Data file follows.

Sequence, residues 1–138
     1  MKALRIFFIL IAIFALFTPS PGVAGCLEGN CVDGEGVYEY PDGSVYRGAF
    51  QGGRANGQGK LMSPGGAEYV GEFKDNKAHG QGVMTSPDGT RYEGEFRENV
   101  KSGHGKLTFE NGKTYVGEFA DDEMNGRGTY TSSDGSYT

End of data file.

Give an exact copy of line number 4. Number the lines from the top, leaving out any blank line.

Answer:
   101  KSGHGKLTFE NGKTYVGEFA DDEMNGRGTY TSSDGSYT